Ow, It Hurts. REALLY.

Not a surprise but a recent study has found that not only do women react differently to certain medications than men (and are in danger of overdosing on many common over-the-counter and prescription drugs), but we feel pain more, too.

According to Tara Parker Pope, women in the study had pain levels 20% higher than men.

Doctors put it down to women's hormones, organ size relative to men's, more fatty tissue and other causes that are feminine in nature and may cause medication to be absorbed, or not, differently than for men.  Since almost all studies have been based on men (hence, women not realizing they're having a heart attack when they feel nauseous and their jaw hurts vs. men's pain in the chest), there's still an awful lot we don't know about medicine, women, and pain. But here's the worst part.

Laurie Edwards notes in the NYT Sunday Review that anesthesia can be a problem for women and even something as relatively benign as Ambien lingers in a woman's body much longer than a man's.  We metabolize drugs differently, she says.

But here's the kicker. For most of medical history, many doctors have put down women's pain as "emotional."  That's right.  It's all in her mind.  Parker Pope writes that this needlessly causes some women to be treated for mental health issues, delaying and complicating their real diagnoses.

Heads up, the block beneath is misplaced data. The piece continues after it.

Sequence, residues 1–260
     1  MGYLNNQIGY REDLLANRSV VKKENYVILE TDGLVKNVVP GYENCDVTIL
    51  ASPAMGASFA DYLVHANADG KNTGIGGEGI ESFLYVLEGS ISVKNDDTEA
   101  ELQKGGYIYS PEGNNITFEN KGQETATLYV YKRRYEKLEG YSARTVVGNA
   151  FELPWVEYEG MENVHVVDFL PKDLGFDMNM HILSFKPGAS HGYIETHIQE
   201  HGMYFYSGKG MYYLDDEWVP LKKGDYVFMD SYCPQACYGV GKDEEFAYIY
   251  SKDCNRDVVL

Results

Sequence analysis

Edwards also reports that approximately 25% of people report chronic pain and of that number, women are disproportionately in the majority.  To make our situation even more unpalatable, women are diagnosed with multiple sclerosis, rheumatoid arthritis and chronic fatigue sydrome two to three times greater than men.

And while we're on the subject of chronic fatigue syndrome -- know why it's been labeled as hypochondria, a figment of the imagination and not really real?  Because mostly women are diagnosed with it.

So what do we do?  Be on the alert, the authors say, for these gender differences when doctors are prescribing medicine, or you are taking OTC drugs.  Ask if the drug has been studied in women.  If your doc is the more approachable type, talk to him about this.  If your doc's a woman, she'll already know.









http://well.blogs.nytimes.com/2012/01/23/in-rating-pain-women-are-the-more-sensitive-sex/

http://www.nytimes.com/2013/03/17/opinion/sunday/women-and-the-treatment-of-pain.html?pagewanted=all&_r=0

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